1. It would be tricky. Airplane characteristics change a lot when you scale it. As a result, a lot of model aircraft are much more powerful (relative to their size) than even large jets.

  1. If there are 400,000 people on that tiny island… why doesn’t ‘MSD’ put a stocked warehouse on that island and hire some people with bicycles and feet to do their deliveries?

    1. Would of been sensible, all the diseases mentioned are pritty common over there so they would be in constant use.A solar powered fridge may well be the lower tech option but that is far more boring than a supa-drone !
      That said they may have one and this is just for the “specials” who knows ?
      Want one of those drones though

  2. living in a rural location sucks. i live on a island in southeast alaska, population of about 3k. for one we dont have any of the usual shipping companies here. ups and fedex hand their parcels off to the post office at some point. the local post office doesnt deliver. you could spend $20+ on 2 day shipping and you get it in 6 days and you have to pick it up yourself. i cant even order from adafruit for example because they want to charge me shipping in the $50+ range. ups especially likes to gouge, the post office gives the best rates, if i can get whoever we order from to ship usps first class or priority i can usually get my package in four days and under $10. id love to see drone shipping so i actually get what i pay for.

  3. Sixty miles in a charge is pretty dang good. We knew serious applications that require range and efficiency wouldn’t be normal quads–they need a fixed-wing design–but this design sounds like it has worked out the best of both worlds.Looks cool too!

  4. ” according to the manufacturer website is capable of flying up to 60 miles on a single charge. Tests showed the drone made the nearly 40 mile trip across Lake Victoria in an average of 40 minutes.”

    So it makes it’s delivery (40 miles to) and then (40 miles to home base) drops into the middle of Lake Victoria?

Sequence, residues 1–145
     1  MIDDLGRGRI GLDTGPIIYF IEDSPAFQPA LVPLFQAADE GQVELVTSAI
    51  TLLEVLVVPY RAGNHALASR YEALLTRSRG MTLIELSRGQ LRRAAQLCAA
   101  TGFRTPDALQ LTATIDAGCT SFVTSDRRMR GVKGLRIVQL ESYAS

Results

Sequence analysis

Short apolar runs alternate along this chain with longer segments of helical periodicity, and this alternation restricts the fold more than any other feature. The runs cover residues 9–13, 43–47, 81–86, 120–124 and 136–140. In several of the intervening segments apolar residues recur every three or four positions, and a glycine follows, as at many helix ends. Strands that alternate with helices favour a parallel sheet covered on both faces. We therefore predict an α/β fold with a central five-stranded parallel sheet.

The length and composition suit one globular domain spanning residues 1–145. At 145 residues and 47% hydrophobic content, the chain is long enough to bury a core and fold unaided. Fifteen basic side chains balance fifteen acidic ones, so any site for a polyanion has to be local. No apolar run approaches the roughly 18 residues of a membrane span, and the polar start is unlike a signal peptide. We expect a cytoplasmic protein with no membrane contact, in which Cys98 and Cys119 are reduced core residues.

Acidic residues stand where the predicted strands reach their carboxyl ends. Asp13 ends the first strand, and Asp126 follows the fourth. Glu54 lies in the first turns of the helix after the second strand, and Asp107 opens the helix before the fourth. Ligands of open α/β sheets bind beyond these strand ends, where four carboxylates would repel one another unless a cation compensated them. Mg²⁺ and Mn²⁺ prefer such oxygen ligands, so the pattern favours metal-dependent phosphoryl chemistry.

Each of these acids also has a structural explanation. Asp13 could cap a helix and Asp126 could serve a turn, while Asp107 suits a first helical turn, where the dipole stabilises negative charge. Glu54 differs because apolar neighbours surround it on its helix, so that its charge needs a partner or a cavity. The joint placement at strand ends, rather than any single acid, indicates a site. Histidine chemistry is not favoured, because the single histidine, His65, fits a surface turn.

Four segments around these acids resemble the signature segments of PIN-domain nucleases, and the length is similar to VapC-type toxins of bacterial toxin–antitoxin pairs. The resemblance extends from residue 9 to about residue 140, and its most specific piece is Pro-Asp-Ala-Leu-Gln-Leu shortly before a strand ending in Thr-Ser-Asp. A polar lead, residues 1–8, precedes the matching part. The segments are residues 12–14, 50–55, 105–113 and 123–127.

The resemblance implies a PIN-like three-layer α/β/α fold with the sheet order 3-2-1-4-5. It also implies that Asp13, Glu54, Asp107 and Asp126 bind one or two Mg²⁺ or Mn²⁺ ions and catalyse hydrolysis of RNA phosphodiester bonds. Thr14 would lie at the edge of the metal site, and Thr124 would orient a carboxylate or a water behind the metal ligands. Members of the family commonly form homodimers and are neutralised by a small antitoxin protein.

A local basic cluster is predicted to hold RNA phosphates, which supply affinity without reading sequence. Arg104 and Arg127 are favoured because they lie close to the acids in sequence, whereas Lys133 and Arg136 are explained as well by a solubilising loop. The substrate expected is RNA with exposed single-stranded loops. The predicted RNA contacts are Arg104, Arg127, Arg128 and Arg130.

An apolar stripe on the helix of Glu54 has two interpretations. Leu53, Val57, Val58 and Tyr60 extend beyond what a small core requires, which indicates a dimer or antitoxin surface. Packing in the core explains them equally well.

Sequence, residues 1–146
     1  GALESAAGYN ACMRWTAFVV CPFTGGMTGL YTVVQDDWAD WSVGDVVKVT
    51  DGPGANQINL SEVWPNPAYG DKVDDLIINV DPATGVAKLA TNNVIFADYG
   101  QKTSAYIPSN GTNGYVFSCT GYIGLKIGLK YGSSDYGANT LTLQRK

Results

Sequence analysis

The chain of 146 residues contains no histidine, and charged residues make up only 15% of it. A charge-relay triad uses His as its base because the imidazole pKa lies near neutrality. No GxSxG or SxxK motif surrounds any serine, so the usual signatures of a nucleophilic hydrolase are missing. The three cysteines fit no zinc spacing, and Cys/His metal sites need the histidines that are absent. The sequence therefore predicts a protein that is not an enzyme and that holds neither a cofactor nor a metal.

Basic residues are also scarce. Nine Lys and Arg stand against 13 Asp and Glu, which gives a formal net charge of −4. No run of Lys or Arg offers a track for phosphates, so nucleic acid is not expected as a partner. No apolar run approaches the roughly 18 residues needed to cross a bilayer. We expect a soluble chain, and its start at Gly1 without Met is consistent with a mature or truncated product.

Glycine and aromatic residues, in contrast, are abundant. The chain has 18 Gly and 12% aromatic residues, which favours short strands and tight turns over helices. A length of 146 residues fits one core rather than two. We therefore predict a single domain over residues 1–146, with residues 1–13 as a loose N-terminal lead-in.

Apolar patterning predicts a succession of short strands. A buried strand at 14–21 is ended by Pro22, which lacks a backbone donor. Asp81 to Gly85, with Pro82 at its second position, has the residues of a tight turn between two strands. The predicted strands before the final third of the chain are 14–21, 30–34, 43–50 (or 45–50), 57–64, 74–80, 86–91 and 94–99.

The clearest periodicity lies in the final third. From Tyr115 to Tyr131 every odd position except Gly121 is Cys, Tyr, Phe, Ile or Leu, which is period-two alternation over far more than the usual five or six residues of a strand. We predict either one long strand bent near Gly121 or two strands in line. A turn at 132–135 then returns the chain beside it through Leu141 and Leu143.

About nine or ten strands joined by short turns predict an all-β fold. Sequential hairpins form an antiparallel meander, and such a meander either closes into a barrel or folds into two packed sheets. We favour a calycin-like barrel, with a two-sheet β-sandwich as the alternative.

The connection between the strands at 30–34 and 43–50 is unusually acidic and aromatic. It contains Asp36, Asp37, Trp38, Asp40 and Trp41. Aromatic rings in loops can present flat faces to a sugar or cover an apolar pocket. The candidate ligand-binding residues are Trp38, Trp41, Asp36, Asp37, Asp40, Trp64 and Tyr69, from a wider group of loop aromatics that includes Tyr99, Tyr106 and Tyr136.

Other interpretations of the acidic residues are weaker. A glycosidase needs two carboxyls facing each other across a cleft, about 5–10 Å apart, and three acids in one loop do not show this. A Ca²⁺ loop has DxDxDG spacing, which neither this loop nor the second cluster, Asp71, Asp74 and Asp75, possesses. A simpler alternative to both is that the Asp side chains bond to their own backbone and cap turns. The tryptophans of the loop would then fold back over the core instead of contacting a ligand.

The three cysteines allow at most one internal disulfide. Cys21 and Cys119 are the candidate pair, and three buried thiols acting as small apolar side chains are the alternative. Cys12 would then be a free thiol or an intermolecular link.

1. According to Google maps the distance between the two cities is 49KM as the drone flys so 100KM return say which is only a little over the 60 mile range so possible depending on the accuracy and you may find they do change the batteries or charge them, just didnt here to make good video?!?!

    1. You mean just like DHL who was also doing it two years ago? (and if we’re going by the YT posting dates – several months before)

      Done doesn’t mean entirely solved.
      Chronopost/DPD appear to have used a basic multi-copter, much like DHL’s first attempt, however DHL appear to have moved on to try both rotating wing and, as shown in the video in this article, a hybrid design with rotating prop and fixed wing (although I wonder what the version was that they skipped if the above video is v4).

  5. Why not just run a single rotor helicopter autonomously? large gassers can run as long and nearly at that speed. Not everything has to be a multirotor “drone” does it? If you just want to get something somewhere, get as large a model (or even automate a smaller piloted one) and get it done. scale the airframe to your cargo needs.

    1. This looks like a Tilt Rotor so with a little complexity aside it can get the same benefits of a multirotor vertical take off with a winged device efficiency for the long flight …cool!